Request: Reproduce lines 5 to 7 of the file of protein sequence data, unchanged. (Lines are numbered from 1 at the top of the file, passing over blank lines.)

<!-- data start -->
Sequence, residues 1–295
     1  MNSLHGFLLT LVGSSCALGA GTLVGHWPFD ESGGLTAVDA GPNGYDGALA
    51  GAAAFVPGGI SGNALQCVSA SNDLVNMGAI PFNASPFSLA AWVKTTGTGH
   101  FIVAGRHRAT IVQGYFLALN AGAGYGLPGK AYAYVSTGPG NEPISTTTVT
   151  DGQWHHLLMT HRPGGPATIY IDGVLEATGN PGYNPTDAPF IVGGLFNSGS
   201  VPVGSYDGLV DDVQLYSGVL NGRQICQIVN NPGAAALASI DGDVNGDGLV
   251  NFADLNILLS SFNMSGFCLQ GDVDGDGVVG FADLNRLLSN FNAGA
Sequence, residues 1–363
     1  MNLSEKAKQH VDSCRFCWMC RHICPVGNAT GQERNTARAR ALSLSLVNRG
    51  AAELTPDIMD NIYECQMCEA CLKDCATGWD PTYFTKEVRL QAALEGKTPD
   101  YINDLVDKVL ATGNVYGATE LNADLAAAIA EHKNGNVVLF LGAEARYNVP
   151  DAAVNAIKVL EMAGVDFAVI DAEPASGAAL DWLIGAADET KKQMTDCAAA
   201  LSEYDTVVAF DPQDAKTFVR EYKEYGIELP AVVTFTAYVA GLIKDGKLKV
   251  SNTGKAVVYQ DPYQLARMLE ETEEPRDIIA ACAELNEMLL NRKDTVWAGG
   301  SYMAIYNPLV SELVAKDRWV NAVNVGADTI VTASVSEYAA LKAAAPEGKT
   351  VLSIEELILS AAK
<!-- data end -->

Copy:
   151  DGQWHHLLMT HRPGGPATIY IDGVLEATGN PGYNPTDAPF IVGGLFNSGS
   201  VPVGSYDGLV DDVQLYSGVL NGRQICQIVN NPGAAALASI DGDVNGDGLV
   251  NFADLNILLS SFNMSGFCLQ GDVDGDGVVG FADLNRLLSN FNAGA